Metric System

A physical quantity is something that is measured such as mass, length and time. Each of these units is defined by a number, value or its magnitude and a unit. Each physical quantity has its specific unit and these unit help us to analyze what the given or the asked quantity is.

These units are identified through different systems. Using these different systems in one solution may be confusing, thus, scientists around the world use one system as the commonly used system in dealing with measurements. This system of measurement is the International System of Units (SI).

A list of base quantities with the corresponding unit they are measured is given in the table below.

 Quantity Unit Symbol Mass kilogram kg Length meter m Time second s Electric current ampere A Temperature kelvin K Amount of substance mole mol Luminous intensity candela cd

Prefixes are used to define smaller or larger values or measurement of the same quantities. Below is the list of prefixes and their corresponding factor:

 Prefix Symbol Multiplying Factor pico- p 10-12 nano- n 10-9 micro- µ 10-6 milli- m 10-3 centi- c 10-2 deci- d 10-1 kilo- k 103 mega- M 106 giga- G 109 tera- T 1012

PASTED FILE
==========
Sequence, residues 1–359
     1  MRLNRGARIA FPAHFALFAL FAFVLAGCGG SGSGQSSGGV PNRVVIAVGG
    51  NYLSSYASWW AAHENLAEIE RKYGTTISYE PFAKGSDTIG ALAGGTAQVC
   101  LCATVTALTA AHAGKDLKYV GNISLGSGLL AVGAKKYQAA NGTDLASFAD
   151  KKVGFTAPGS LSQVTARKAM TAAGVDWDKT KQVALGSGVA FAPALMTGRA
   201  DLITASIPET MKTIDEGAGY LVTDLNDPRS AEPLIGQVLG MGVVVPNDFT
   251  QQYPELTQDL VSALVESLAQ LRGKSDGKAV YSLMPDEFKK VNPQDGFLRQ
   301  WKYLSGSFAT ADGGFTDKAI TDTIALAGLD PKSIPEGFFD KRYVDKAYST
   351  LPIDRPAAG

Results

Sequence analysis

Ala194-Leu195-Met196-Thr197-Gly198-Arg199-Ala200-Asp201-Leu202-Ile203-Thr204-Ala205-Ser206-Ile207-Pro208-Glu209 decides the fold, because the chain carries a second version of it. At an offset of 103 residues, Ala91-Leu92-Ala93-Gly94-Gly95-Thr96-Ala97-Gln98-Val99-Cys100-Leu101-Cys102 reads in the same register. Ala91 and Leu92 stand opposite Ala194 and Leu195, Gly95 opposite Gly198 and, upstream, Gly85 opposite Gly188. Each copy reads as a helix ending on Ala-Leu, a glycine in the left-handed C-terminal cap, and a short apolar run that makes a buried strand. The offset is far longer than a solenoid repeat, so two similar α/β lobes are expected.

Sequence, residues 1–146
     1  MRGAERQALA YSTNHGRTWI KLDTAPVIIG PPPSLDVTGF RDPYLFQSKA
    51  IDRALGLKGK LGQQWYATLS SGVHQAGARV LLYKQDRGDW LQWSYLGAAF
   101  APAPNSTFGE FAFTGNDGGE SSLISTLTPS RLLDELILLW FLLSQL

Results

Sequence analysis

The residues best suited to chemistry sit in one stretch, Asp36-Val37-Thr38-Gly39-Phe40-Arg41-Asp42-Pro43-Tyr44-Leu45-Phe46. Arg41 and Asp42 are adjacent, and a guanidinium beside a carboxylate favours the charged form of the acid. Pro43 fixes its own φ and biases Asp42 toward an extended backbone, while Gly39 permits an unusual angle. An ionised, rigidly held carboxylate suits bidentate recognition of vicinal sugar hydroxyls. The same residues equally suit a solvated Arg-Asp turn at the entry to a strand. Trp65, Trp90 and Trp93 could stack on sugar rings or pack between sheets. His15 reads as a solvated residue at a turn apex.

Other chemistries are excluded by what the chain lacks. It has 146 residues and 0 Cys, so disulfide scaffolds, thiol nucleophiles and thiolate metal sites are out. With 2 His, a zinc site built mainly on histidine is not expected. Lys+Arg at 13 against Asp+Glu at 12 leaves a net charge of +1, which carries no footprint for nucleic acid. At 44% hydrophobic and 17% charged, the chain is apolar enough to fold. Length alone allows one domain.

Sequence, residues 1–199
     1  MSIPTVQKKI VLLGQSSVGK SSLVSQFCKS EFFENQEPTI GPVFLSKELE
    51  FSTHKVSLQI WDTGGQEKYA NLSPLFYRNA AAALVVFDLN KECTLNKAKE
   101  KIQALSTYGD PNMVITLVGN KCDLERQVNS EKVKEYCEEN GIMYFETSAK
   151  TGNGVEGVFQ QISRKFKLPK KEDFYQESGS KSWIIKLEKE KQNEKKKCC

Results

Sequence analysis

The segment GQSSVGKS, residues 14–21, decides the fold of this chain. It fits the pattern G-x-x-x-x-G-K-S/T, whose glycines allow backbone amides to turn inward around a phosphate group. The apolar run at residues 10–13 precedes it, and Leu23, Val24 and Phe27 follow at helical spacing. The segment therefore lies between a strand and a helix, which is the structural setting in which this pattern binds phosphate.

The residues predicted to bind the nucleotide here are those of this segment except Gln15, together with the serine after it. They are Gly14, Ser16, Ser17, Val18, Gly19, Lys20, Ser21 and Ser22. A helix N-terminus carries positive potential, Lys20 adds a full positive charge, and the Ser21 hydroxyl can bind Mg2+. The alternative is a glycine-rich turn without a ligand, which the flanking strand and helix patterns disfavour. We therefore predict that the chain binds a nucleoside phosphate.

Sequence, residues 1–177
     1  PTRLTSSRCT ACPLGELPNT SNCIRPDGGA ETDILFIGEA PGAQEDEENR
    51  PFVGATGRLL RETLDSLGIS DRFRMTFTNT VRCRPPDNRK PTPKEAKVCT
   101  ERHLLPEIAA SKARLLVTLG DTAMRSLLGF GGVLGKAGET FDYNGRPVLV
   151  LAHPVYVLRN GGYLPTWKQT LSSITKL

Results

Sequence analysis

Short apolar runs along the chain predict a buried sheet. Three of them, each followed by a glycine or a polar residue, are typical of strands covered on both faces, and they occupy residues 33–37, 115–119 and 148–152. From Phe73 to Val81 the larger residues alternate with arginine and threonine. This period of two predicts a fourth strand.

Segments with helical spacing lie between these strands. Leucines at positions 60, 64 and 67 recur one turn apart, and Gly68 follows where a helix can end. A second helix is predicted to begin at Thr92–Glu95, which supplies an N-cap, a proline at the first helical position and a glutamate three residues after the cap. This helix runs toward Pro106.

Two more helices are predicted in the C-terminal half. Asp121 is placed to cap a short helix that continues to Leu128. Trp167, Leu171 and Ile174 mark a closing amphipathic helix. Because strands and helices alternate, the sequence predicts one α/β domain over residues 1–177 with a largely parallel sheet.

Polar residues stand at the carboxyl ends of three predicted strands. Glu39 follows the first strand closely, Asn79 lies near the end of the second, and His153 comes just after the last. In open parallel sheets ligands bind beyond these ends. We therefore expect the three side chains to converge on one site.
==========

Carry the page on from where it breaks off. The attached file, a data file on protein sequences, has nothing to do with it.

To convert units, the following must be followed:

1. Identify the given unit and the unit in which the given unit must be converted.
2. Detemine the conversion factor. The unit to be converted must be placed in the position(numerator or denominator) in which it can be cancelled out so that the only unit left is the desired unit.

​Example 1.

The length of the pole is 15 meter. What is its length in decimeters?

Given: 15 meters

Desired unit: decimeter

Conversion Factor: 1 dm = 10-1 m

Solution: $$15\;m\;\times\;{1\;dm \over 10^{-1}m}=150\;dm$$

Example 2.

The speed of the race car is 140 km/h. Express the race car's speed in m/s.

Given: speed = 140 km/h

Conversion Factors: 1 km = 103 m and 1 hr = 3,600 s

Solution:

$$140\;\frac{km}{h}\times {10^3\;m \over 1\;km}\times {1\;h \over 3,600\;s}=38.89\;m/s$$

Derived Units

Derived units from the term itself is derived from the base units. It is a combination of two or more base units. These base units are multiplied or divided by one another and not added or subtracted. The following are some commonly used derived units:

Quantity

Unit

Derived Unit

velocity

m/s m; s-1

frequency

herts (Hz) 1/s or s-1

energy

joule (J) kg m2 s-2

force

newton (N) kg m s-2

electric charge

coulomb (C) A s

acceleration

m/s2 m s-2

Example 1.

A 5-kg object is pushed then accelerates at 2 m/s2 . How much force is exerted on the object?

Solution:

$$F=ma=(5\;kg)(2\;m/s^2)=10\;kg\;m/s^2=10\;N$$